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Flipped learning, the concept of students viewing lectures at home and tackling homework together in class, is a powerful movement in 21st century education. Forward-thinking teachers seizing modern technology are turning education into something newer and more effective. The “sage on stage" is becoming the “guide on the side." Learning is student-driven, with teachers helping kids reach the sources of knowledge their own way, rather than the educator being the sole source.
How did we get here? How have generations of lecture-watching audience members become the tablet-navigating pilots of their own futures?
It began in Colorado with Jonathan Bergman and Aaron Sams.
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The Start for Bergman and Sams
In 2004, Bergman and Sams began teaching Science at Woodland Park High School. They were the core of the Science Department. They planned lessons, wrote tests and set up labs together. Soon they were good friends.
In this rural setting, students involved in sports or other activities missed a lot of class time. Other schools in the district were a long bus ride away, requiring students to leave early for such activities. How could you get class material to those students and others who were out sick?
Bergman and Sams discovered a solution in a technology magazine: software that could record a PowerPoint slide show with voice and notes. The resulting video file could be easily shared. In the spring of 2007, they began recording all their lectures and turned them into video presentations.
The next year, they decided to use the technique for all their classes. The called it “pre-broadcasting." Students would view the presentation before school. In class, they would discuss it, experiment with the material and receive assistance from their teachers.
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Precursors and Inspirations
Bergman and Sams do not claim to have invented the method. They credit Maureen Lage, Glenn Platt and Michael Treglia's “Inverting the Classroom" for setting the ball in motion. The paper, published in 2000 by the University of Miami-Ohio, “didn't take off," said Bergman. “It wasn't the right time." YouTube was yet to flourish. The infrastructure of video sharing was not in place.
In the 1990s, Harvard physicist Eric Mazur developed “peer instruction." His students prepared to learn before class by reading and answering questions about the material. In class, the instructor follows the following procedure:
- Instructor poses a question on the reading.
- Students reflect on the question.
- Students choose answers individually.
- Instructor reviews the responses.
- Students discuss their decision making process with other students.
- Students have a chance to modify their answer.
- Instructor reviews responses again, and then decides whether to explain further or move on to the next idea.
This method is how many flipped classrooms operate, only with more viewing and less reading before class.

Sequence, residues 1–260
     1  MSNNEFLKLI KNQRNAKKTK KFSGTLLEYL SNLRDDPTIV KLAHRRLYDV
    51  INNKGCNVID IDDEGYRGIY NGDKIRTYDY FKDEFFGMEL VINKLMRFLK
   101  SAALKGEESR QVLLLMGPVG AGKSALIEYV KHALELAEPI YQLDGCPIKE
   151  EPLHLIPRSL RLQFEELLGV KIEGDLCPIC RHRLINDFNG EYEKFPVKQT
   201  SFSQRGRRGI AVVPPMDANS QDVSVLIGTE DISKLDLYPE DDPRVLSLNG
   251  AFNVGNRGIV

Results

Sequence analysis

In 2003, Salman Khan, a former hedge fund analyst, was tutoring his cousin in mathematics over the internet. His cousin requested that he record the lessons so she could skip over the parts she understood and spend more time on the parts she didn't. He began publishing his lectures on YouTube and the concept took off. His Khan Academy lectures have received nearly a half billion views. They are a key tool to many Flippers.
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The Ripple Effect
Clintondale High School in Michigan had the distinction of being one of the state's worst schools. In 2010, more than half the ninth graders failed science and almost half failed math.
Principal Greg Green and social studies teacher Andy Scheel decided to try something new. They taught identical material in two classes. One was flipped and the other was traditional. The flipped class included many students who had already failed the course.
After 20 weeks, every student in the flipped class was passing with at least a C+. The traditional class showed no change in results.
In 2011, Clintondale flipped every class.
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Flipped learning has become something every wants to know about. The web is alive with teachers passing advice and recorded lessons. The movement has spawned its own national conference, FlipCon, which began in 2008.
Bergman, Sams and the rest of the FlippedClass.com staff host boot camps, one-day workshops and ongoing partnerships to teach teachers and administrators. They have published a book together titled Flip your Classroom: Reach Every Student in Every Class Every Day.
A central problem all flippers face is how to get technology into the hands of every student, no matter the affluence of the school or student. Sams says that is always the first question asked. They surveyed their student body and found 80% had access to the internet. Then they focused on getting lessons to the other 20%. It took some creativity, but they got it done.
They put videos on flash drives for students with computers but no internet. They burned DVDs for students with TVs but no computers. They put lessons on iPods and phones. They beat the roadblock with ingenuity.
As technology gets cheaper and more ubiquitous, the roadblock will shrink. The revolution created by Bergman and Sams will continue to grow. Education will never be the same.